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- Atheists sue to remove ‘Ground Zero Cross’ from 9/11 museum
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- Americans don’t support sending U.S. troops to Ukraine
- Florida lawmakers move to wipe corrupt ‘Boss Hogg’ town from map
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- An appealing offer: Chiquita merges with Fyffes to make world’s largest banana firm
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Yes, many chortled over the appearance of blond starlets Paris Hilton and Britney Spears in a campaign spot for Sen. John McCain, who claimed the ad was intended to deflate the distracting celebrity of Sen. Barack Obama. You know. Just for laughs. No racial stuff. Really.
Miss Hilton’s mother is not amused. Kathy Hilton penned a terse reaction at the Huffington Post on Sunday.
“I’ve been asked again and again for my response to the now infamous McCain celebrity ad. I actually have three responses. It is a complete waste of the money John McCain’s contributors have donated to his campaign. It is a complete waste of the country’s time and attention at the very moment when millions of people are losing their homes and their jobs. And it is a completely frivolous way to choose the next President of the United States,” Mrs. Hilton wrote.
She is — or was — presumably a Republican, and with her husband, donated $4,600 to Mr. McCain’s campaign this year.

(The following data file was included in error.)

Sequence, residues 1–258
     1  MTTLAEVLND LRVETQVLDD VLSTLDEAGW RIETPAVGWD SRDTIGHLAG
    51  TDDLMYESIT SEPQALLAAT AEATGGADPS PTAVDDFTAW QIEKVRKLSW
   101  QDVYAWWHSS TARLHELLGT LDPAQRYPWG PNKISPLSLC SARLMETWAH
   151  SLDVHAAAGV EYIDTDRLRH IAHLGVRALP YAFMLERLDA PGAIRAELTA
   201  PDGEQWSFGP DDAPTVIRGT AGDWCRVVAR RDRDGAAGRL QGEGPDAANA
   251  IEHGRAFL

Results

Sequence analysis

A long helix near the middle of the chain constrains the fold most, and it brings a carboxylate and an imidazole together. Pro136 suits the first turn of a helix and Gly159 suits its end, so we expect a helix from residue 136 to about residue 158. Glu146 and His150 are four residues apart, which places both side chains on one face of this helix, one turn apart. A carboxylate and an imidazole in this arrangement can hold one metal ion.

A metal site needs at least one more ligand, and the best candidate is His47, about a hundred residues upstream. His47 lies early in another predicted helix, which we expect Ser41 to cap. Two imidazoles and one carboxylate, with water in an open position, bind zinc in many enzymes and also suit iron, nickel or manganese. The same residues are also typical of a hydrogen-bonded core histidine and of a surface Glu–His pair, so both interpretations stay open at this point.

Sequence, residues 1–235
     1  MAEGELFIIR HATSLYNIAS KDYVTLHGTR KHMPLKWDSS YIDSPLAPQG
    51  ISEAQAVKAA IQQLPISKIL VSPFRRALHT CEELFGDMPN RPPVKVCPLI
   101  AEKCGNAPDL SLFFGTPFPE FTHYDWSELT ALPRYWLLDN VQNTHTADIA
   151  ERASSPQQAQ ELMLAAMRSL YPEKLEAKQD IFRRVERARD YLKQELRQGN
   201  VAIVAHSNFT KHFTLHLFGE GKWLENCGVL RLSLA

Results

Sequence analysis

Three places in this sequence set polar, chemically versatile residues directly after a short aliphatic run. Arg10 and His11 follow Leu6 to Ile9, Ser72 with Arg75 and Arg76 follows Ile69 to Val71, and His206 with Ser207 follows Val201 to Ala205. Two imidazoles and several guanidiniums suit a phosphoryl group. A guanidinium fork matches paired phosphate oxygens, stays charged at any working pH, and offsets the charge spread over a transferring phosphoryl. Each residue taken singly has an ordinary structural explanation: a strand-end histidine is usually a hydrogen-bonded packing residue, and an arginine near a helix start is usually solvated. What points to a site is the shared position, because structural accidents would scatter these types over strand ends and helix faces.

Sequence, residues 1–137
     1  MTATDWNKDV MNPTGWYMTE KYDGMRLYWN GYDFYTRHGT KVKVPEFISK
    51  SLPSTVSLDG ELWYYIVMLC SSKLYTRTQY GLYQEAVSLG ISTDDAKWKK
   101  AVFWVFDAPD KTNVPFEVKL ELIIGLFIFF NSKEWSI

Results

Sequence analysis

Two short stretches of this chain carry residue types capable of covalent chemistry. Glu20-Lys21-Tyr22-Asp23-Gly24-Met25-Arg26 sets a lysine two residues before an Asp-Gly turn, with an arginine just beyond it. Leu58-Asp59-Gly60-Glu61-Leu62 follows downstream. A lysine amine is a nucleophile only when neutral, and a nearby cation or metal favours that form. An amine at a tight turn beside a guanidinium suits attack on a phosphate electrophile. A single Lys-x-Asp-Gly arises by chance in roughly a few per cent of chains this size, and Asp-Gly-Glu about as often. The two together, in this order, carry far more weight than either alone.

The Arizona Republican has earned some new critics in the aftermath.
“Way to go, Johnny. You just [angered] a heavy-duty donor to your party. And by the way, the Hiltons are VERY influential in your party,” noted one annoyed observer at the Huffington Post.
No word from any of Miss Spears’ relatives. Yet.
By the numbers
The “celebrity ad” itself is now a celebrity.
Sixty-nine percent of the nation’s voters say they’ve seen press coverage of the campaign spot. Of those, just 22 percent say the ad was “racist,” while 63 percent say it was not.
Most black voters — 58 percent — saw the McCain ad as racist, however. Just 18 percent of white voters and 14 percent of all other voters shared that view, according to a Rasmussen Reports survey of 1,000 voters conducted Aug. 1, with a margin of error of three percentage points.
“He has been called too arrogant, too remote and too clever, but last week Sen. Barack Obama was hit below the belt with a cruel new allegation: He may be too skinny to win the White House. Suggestions that Obama’s slim physique is a liability in a nation of mostly overweight voters marked a dangerous new turn for the Democratic contender’s suddenly vulnerable presidential campaign,” said Tony Allen-Mills of the Sunday Times of London.
Recent news reports have explored the notion that Mr. Obama would lose votes from chubby voters because he was too svelte. Well, there’s something to that — 66 percent of us are now overweight or obese, according to the Centers for Disease Control and Prevention.
About the Author
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